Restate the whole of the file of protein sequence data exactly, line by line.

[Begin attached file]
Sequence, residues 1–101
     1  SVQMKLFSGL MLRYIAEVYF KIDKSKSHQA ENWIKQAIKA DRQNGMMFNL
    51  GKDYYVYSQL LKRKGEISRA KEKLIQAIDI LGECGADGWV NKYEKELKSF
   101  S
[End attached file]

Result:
Sequence, residues 1–101
     1  SVQMKLFSGL MLRYIAEVYF KIDKSKSHQA ENWIKQAIKA DRQNGMMFNL
    51  GKDYYVYSQL LKRKGEISRA KEKLIQAIDI LGECGADGWV NKYEKELKSF
   101  S